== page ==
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About SickKids

October 23, 2013

SickKids researchers receive funds to improve child brain development

Bold ideas from SickKids innovators receive global grants from the Saving Brains Program, Grand Challenges Canada

Researchers from The Hospital for Sick Children’s Centre for Global Child Health are among recipients of funding for projects aimed at improving the early brain development of children in low-resource countries.

Grand Challenges Canada, funded by the Government of Canada, announced today that it has extended a total of $10.1 million to 14 bold, creative projects, including two projects at the SickKids Centre for Global Child Health.

One project is known as “Toolkit for Minimizing the Impact of Procedural Pain in Infants.”

Working in Ghana, the project team will introduce ways of alleviating pain for infants born prematurely and treated in special neonatal intensive care units (NICUs) – specifically, babies who experience moderate to severe pain several times daily due to diagnostic and therapeutic procedures, such as blood sample collections and medicine injections.  

Project leader Dr. Bonnie Stevens says there is evidence that problems with brain growth and development found later among children born preterm can be linked to the number of painful procedures experienced in the NICU.

Less is known about neonatal pain management in low- and middle-resource countries, where the incidence of neonatal sickness and death is highest.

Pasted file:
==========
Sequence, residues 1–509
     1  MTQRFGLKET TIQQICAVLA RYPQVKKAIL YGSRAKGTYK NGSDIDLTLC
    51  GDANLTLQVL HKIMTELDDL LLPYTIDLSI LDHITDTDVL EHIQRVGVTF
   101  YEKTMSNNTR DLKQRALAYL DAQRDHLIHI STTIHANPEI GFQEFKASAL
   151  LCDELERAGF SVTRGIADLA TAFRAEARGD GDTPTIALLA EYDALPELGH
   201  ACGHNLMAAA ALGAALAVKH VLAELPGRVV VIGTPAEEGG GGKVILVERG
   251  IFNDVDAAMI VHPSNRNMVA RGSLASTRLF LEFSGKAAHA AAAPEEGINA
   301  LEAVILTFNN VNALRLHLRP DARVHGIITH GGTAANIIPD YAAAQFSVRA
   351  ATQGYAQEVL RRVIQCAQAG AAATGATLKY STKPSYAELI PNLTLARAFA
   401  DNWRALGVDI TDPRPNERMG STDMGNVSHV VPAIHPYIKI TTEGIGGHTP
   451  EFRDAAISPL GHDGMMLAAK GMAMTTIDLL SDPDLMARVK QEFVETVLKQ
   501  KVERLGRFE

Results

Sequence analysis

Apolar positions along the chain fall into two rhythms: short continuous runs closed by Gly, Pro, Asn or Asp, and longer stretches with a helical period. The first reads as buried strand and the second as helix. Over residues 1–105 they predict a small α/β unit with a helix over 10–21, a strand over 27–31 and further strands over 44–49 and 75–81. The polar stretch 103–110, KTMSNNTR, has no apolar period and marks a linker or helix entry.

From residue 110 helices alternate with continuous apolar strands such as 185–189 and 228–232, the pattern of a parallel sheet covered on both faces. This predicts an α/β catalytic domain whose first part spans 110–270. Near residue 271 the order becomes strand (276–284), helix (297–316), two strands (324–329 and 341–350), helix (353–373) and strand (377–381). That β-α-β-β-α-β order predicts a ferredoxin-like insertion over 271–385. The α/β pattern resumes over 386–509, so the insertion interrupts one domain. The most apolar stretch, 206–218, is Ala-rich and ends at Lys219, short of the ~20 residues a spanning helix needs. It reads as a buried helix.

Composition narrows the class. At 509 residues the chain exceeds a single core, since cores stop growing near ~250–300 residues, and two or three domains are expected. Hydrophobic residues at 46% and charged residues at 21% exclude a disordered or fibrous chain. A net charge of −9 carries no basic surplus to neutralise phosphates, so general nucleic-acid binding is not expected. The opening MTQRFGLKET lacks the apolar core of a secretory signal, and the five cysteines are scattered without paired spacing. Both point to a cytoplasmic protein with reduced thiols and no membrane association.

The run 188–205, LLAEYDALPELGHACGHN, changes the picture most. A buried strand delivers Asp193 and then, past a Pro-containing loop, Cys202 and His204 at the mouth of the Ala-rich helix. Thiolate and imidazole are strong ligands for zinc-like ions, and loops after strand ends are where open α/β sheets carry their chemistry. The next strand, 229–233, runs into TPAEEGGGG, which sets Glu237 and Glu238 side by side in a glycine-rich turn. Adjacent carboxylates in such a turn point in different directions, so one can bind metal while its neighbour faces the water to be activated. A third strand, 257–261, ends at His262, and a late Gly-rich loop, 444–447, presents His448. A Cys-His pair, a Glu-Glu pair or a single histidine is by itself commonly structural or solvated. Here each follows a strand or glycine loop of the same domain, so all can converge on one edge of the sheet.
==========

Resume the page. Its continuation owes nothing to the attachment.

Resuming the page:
This project, introduced to Ghanaian caregivers and parents, is adapted from successful knowledge translation practices in Canada. Videos and other educational materials will detail simple, universally affordable, effective ways to mitigate procedural pain for an infant.

Combined, these interventions have a demonstrated cumulative pain-relieving effect.

"Inadequate resources are cited as the major impediment to pain management in infants, as well as a lack of knowledge, severe staff shortages and formal training about pain. The proposed toolkit intervention will address these issues," says Stevens.  
 
The project draws on existing partnerships between the University of Ghana School of Nursing, Korle Bu Teaching Hospital in Accra and SickKids. Plans call for the toolkit's integration into the curriculum at the School of Nursing in Accra (which currently includes limited pain content) and scaling it up to reach additional countries.

The second project is called “An Integrated Toolkit to Save Newborns' Brains in Kenya.”

The first month of life is a critical period in brain growth and development which can be affected by hypothermia, infection and other events.

Reducing the number of impediments to young brain growth is the aim of this toolkit, which was initially created for use by mothers in Kenya.

"We believe that improved neurodevelopment outcomes at age 1 will translate into sustainable longer-term gains in academic performance, employment, productivity and ultimately more human capital," says project leader Dr. Shaun Morris from the Division of Infectious Diseases.

Contents of the toolkit (which costs less than $5 CDN) include:

  • A clean delivery kit to minimize infection at time of delivery.
  •  A sterilizing gel that, applied to the umbilical stump, reduces certain severe infections by up to 75 per cent and mortality from all causes by 25 to 40 per cent.
  •  An emollient to promote skin integrity, helping to reduce infection and prevent hypothermia. This product has been shown to reduce mortality in hospitalized preterm infants.
  •  A hand-held scale to spot early warnings signaled by an infant's weight, and a ThermoSpot to identify hypothermia and fever.
  •  A mylar infant sleeve and reusable heating device to treat hypothermia.
  • Information on infant stimulation, involving play and communication strategies proven beneficial to neurodevelopment in low-birth weight newborns.

Aga Khan University, Kenya, is a project collaborator.

Read more about the Grand Challenges Saving Brains Program.